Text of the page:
November 23, 2019
I Flunked, But… - Japan, 1930
As a rule, I do not read about a movie before watching it, so I do not know for sure if my assumption about Yasujiro Ozu’s I Flunked, But… is correct. However, I suspect that parts of the film have been lost. For one, Ozu’s previous film, Days of Youth, clocked in at 99 minutes; I Flunked, But… is over after just 63, and before you remind me that many films from the same time period also had shorter running times, I should add that many pieces of the film’s narrative, as well as some of the film’s characters, are woefully undeveloped. More on that later.
I Flunked, But… is about a group of students “preparing” for a crucial series of examinations. I put the word preparing in quotation marks, for their concept of studying is writing pieces of information they think are likely to be on the exam on the back of one of the long-sleeve white shirts that the students wear as part of their uniform. They also employ an interesting technique of getting answers to students sitting further away by sticking them onto the back of the teacher as he is roaming around the classroom. Unfortunately, that technique is far less reliable.
The first day of the exam ends without their deviousness being discovered, so naturally, they immediately head home to prepare a second shirt. Problems arise, however, when one of the boys’ landlady mistakes the “cheat” shirt for one that could use a good washing and sends it off to be dry cleaned. Suffice to say, not everyone passes.
It is here where the film shifts tones. Up until this point, I Flunked, But… is humorous, with several scenes that will make you recall Harold Lloyd’s The Freshman. However, once failure makes its presence known, the film starts resembling a satire. one that is critical of Japan’s exam system and shatters the myth that all one needed to succeed in pre-World War II Japan was a degree . There’s a lot of potential in this plot point, but for some reason, Ozu elected not to explore it. Instead, we get a few serious scenes between Takahashi (Tatsuo Saito) and the girl he likes (Kinuyo Tanaka). In one, she notices the cheat shirt and registers an expression of disappointment, yet this is as far as the film goes with these sentiments. The next time we see her, she has forgotten all about her disillusionment; in its place is intense admiration and hints of budding love. The change is jarring, and I suspect that this is one of the spots from which a scene is missing.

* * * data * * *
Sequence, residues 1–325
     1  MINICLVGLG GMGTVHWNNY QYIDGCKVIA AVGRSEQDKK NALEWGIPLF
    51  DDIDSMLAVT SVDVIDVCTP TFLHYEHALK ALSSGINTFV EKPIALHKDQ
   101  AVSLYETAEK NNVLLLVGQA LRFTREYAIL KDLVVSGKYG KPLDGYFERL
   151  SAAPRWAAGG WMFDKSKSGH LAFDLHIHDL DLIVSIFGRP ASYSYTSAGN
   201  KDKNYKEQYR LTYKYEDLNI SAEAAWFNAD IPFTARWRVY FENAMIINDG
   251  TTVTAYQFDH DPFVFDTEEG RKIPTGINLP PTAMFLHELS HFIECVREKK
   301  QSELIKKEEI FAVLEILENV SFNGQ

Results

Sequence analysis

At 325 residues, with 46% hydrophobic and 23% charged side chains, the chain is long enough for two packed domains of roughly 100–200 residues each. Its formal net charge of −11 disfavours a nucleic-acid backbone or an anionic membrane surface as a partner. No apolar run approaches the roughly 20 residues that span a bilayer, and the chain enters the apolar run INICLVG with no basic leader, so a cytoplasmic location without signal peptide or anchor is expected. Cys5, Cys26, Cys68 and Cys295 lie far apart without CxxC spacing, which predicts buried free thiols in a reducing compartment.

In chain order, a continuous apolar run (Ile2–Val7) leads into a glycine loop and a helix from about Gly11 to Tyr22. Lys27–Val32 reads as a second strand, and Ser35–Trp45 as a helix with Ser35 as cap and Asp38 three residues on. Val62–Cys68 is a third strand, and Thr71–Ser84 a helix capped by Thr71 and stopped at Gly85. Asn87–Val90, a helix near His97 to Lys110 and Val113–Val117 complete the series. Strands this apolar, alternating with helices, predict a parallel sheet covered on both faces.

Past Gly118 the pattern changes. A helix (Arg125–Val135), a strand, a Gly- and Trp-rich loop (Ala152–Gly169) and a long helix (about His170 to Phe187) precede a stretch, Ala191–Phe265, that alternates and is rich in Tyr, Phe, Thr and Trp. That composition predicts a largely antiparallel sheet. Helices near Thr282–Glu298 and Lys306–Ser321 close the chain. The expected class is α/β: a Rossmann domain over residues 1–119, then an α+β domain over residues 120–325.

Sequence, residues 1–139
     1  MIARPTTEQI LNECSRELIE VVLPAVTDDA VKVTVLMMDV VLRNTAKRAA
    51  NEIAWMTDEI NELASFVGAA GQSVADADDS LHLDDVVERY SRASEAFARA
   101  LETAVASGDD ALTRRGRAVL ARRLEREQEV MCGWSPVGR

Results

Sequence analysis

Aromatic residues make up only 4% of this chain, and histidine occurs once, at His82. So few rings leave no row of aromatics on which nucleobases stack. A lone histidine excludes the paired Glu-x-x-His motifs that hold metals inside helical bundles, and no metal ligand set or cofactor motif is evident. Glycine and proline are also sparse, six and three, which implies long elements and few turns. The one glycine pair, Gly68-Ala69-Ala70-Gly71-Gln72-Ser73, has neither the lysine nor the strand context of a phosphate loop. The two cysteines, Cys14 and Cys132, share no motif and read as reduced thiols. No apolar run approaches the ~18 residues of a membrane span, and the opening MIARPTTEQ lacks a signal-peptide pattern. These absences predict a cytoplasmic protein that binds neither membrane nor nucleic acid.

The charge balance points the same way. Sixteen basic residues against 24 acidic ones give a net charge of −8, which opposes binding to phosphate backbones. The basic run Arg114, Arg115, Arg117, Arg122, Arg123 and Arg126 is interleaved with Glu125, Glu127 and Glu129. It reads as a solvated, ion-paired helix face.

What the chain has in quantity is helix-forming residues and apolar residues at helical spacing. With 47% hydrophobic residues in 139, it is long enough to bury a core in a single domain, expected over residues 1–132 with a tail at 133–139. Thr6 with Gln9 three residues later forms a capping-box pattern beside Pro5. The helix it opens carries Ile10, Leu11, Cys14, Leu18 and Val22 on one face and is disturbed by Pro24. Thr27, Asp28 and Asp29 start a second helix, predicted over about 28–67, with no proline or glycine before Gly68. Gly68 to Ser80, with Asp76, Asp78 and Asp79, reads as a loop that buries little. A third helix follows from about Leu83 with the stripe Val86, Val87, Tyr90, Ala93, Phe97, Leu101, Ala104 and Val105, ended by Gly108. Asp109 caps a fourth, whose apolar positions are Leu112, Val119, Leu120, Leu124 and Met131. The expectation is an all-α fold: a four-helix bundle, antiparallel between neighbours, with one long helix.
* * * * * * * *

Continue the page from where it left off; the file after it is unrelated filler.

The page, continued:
And yet it is in this part of the film that its most interesting topics can be found. It has long been said that in Japan a job used to be guaranteed for life, and nothing we see in Ozu’s film shatters that. However, it does show that employment prospects were not quite as rosy as we’ve been led to believe, especially for someone who just barely passed his exams. After all, if no one wants to hire you, what do you care if employment is permanent?
So, I Flunked, But… has potential; it’s just not fully realized. First, I was never fully invested in these characters. Of the five members of the quintet, only two of them receive quality screen time. The other three just act silly, cheat in humorous ways, and dance the kind of short jig one usually associates with a fraternity in the 1950s. The lead character was so underwritten that he remains an enigma throughout the picture. In fact, if I’m honest, I’d say the most involving character is the one who barely passes his exams because we can all understand his plight. If only he’d received more screen time. Second, Ozu seems to be trying to have it both ways. He wants the audience to laugh at the absurdity of the boys’ behavior, yet respond with sympathy to their uncertainty and lamentations. There’s only one problem: We saw them cheating earlier in the film.
There’s a tendency to give the early films of people who eventually became great filmmakers a pass. To do so, some people seem to be view their films not as completed works, but as a source of stunning fragments that hint at the director to come. I get this; I do. However, no amount of esteem for Ozu’s later films can save I Flunked, But… It’s too disjointed, has weak character development, and, seen though modern eyes, contains eccentricity for eccentricity’s sake. It just doesn’t work. Therefore, there must be something lost. After all, the great Ozu couldn’t have made such a disappointing film. It must be that… Dang it. Now I’m doing it. (on DVD as part of BCFI’s collection The Student Comedies; it is Region 2)
*I Flunked, But… is a silent film.
*Apparently, none of the characters in the film have names. I only learned the lead character’s name by reading the insert booklet.